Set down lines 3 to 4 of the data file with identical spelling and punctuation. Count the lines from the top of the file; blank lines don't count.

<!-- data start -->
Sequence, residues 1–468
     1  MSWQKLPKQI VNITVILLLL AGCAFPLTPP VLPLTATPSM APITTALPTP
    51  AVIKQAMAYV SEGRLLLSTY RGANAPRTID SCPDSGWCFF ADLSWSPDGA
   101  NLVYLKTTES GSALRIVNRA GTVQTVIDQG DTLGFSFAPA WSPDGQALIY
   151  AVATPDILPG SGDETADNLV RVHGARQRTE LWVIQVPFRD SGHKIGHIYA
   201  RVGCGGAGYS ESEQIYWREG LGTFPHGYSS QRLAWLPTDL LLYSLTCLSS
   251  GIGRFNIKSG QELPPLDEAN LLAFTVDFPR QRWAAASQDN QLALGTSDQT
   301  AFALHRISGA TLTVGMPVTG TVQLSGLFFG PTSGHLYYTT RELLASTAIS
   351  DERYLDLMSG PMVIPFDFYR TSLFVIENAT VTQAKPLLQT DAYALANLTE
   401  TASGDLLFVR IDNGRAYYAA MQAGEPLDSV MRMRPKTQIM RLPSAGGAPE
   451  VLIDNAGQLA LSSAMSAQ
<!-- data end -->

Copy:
    51  AVIKQAMAYV SEGRLLLSTY RGANAPRTID SCPDSGWCFF ADLSWSPDGA
   101  NLVYLKTTES GSALRIVNRA GTVQTVIDQG DTLGFSFAPA WSPDGQALIY